Elsewhere in the interior, we still appreciate the satisfying feel of Mazda’s rotary infotainment controller as well as the similarly designed HVAC knobs on the lower part of the dash. One premium detail shared among the Mazda6, CX-5, and CX-9 is a separation between the high-mounted infotainment screen and the HVAC and audio controls below it. The design pushes the Mazda6’s HVAC controls lower than I’d like for optimal visibility, but it does give the interior more character.
A More Modern Display
The Signature trim places a 7.0-inch screen in the center of the instrument cluster. On that screen, it’s cool to see how the speedometer only fully illuminates the numerals within 20 mph or so of the car’s current speed. The screen doesn’t show song title info, however, and also lacks a tire pressure monitoring system with readouts for each tire.
Time to Make a Signature Move?
The 2018 Mazda6 Signature will speak to drivers seeking something different from the average Camry or Accord. Because even if a Camry has a contrasting roof color and red leather for a surprisingly bold package, it’s still a variation of one of the best-selling cars in the U.S. When that’s not enough to keep you in a Mazda dealer, strongly consider the Honda Accord. It’s not as attractive as the Mazda, but it adds a more spacious cabin, 2.0 cubic feet more trunk space, and a 0–60 time that’s more than half a second quicker with its 2.0T engine. And if you didn’t really need the Signature trim’s 227–250-hp 2.5-liter turbo-four powertrain or the Accord in 2.0T form, Honda offers the loaded Accord in two other engine options.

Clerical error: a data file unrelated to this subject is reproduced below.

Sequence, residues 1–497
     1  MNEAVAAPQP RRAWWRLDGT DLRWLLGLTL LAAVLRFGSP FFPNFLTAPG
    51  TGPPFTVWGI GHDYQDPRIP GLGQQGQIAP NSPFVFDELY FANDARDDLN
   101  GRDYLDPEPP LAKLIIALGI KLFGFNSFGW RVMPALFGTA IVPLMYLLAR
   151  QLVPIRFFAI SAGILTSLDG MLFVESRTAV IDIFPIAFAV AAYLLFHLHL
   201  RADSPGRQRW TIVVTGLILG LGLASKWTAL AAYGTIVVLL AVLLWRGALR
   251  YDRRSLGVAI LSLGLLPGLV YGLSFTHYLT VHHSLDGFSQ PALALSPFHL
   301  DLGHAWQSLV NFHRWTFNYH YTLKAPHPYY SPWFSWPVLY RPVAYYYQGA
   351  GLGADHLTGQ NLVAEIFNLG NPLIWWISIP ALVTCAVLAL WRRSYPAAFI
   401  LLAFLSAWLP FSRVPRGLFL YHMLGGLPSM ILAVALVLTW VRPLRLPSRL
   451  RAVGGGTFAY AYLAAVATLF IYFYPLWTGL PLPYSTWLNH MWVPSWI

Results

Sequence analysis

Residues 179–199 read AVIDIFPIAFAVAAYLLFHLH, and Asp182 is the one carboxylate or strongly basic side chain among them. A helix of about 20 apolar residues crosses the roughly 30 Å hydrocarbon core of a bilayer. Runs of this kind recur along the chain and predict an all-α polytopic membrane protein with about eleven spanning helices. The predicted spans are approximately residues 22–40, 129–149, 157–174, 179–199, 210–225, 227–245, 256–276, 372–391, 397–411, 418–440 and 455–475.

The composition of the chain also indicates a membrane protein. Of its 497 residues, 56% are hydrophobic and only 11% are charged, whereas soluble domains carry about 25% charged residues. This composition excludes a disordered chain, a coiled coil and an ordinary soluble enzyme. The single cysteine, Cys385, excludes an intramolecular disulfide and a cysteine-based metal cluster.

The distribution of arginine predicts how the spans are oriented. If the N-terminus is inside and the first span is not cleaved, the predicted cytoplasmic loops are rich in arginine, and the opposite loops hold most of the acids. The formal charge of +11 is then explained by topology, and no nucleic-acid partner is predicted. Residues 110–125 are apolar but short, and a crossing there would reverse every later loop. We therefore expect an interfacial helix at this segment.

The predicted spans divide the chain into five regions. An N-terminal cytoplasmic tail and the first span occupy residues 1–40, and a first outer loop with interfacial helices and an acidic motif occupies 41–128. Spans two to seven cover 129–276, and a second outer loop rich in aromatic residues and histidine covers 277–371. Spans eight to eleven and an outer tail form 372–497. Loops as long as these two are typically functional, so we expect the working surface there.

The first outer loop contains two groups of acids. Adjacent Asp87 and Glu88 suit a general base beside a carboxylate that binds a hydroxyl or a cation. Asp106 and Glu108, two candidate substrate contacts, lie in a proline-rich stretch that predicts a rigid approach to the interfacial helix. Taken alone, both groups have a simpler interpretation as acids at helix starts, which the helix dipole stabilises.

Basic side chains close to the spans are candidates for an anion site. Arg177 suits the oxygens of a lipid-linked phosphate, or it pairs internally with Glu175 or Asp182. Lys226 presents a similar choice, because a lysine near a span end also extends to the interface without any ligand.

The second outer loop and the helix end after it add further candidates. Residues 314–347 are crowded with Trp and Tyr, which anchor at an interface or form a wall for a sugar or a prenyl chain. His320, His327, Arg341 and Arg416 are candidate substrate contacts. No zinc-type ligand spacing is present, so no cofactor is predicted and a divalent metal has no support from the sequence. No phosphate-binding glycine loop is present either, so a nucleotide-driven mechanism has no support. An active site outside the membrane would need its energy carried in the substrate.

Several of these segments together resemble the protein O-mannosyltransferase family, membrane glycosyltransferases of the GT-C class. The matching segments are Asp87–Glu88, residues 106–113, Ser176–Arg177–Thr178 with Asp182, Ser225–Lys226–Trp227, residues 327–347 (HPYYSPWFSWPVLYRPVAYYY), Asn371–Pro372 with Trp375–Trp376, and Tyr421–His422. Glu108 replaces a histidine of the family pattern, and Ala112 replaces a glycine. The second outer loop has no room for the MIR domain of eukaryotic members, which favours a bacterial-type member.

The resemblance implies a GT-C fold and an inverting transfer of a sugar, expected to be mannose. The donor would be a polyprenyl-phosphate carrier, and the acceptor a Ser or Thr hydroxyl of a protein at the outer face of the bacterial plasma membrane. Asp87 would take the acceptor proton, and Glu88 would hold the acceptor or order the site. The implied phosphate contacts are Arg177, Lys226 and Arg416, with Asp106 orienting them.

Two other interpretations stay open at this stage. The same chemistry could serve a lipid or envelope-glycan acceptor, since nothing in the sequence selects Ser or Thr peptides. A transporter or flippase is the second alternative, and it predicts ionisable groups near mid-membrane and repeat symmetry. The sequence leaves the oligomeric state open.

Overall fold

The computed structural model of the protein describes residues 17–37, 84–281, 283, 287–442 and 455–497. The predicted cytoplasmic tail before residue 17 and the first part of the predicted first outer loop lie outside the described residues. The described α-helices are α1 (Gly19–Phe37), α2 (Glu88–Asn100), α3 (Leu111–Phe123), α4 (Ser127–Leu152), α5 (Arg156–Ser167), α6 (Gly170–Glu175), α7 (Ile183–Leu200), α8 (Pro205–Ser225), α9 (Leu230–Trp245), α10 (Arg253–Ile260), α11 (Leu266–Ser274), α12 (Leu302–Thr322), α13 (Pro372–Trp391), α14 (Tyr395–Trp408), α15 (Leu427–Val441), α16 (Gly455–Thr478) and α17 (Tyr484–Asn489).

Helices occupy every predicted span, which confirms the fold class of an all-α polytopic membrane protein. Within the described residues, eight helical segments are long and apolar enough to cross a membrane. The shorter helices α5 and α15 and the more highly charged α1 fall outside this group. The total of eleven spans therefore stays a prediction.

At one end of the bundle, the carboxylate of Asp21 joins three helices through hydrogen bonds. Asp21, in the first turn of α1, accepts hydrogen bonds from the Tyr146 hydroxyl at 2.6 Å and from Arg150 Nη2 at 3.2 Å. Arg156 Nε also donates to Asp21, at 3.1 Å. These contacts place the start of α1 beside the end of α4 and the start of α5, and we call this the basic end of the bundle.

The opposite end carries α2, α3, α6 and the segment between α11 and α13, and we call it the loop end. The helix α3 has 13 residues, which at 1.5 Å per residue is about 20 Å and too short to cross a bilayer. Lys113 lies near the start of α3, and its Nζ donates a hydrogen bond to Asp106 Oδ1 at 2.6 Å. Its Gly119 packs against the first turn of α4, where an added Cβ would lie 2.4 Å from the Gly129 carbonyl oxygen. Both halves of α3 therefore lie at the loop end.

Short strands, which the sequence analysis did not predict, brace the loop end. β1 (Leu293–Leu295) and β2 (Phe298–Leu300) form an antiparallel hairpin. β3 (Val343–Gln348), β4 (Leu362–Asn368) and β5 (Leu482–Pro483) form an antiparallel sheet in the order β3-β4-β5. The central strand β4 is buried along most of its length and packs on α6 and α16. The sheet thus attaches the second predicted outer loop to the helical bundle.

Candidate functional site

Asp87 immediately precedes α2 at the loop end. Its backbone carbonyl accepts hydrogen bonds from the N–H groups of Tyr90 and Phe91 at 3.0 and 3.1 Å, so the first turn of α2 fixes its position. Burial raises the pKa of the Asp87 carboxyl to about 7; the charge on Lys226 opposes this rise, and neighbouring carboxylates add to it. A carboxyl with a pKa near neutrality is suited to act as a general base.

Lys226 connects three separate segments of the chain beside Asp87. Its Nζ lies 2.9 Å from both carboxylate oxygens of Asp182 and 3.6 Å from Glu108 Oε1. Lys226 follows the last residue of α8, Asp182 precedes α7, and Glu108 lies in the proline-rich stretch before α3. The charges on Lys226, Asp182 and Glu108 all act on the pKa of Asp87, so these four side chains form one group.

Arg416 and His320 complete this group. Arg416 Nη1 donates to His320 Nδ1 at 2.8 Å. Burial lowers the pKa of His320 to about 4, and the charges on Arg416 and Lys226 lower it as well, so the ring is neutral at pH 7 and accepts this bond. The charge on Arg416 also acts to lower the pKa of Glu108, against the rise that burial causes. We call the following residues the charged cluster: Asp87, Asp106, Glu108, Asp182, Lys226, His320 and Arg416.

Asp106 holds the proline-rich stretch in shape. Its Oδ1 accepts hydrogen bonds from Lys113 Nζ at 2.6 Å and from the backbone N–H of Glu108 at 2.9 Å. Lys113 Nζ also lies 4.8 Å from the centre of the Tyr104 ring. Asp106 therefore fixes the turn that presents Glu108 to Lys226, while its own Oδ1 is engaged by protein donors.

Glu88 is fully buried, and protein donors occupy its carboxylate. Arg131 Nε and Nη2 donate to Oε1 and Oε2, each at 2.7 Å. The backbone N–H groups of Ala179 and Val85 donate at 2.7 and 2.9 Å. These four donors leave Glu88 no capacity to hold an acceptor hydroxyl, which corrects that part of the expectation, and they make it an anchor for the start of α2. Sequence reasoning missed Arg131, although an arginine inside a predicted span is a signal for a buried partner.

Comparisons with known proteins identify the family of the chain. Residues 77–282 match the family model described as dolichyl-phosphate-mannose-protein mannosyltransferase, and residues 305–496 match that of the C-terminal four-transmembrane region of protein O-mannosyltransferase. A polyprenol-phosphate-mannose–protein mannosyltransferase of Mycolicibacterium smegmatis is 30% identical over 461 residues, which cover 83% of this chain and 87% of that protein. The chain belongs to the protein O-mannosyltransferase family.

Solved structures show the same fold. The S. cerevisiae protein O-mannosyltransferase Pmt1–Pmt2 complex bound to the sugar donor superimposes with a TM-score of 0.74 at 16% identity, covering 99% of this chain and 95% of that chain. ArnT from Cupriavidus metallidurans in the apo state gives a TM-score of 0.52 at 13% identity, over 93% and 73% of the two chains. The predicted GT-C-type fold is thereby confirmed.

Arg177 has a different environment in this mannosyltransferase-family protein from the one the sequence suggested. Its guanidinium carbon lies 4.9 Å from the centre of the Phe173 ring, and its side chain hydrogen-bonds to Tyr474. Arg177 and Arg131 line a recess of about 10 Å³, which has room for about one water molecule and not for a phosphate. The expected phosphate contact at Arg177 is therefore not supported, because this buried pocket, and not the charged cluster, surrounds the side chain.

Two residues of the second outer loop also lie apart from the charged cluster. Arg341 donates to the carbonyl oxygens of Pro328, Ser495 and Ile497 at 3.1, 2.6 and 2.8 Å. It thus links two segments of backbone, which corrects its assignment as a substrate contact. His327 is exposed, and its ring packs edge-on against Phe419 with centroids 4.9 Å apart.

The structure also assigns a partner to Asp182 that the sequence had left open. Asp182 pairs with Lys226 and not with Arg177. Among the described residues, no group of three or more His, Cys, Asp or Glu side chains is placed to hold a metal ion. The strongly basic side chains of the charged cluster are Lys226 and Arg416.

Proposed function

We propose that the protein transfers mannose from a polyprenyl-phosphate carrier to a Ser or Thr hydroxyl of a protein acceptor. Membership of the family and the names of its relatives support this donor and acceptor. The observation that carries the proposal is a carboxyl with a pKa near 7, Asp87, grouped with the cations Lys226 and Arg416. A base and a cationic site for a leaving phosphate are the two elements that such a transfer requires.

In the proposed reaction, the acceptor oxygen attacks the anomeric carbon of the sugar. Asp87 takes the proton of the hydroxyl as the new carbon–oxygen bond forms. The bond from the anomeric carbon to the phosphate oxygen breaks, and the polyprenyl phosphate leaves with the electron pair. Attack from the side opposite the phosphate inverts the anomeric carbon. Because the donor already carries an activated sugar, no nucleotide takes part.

For fans of the Mazda brand who own a 2014–2015 Mazda6 and are still in love with the car’s “otherness,” however, there’s a lot to like about the 2018 Mazda6 Signature’s interior.
Read the 2018 Mazda6 Signature 2.5T First Test right here.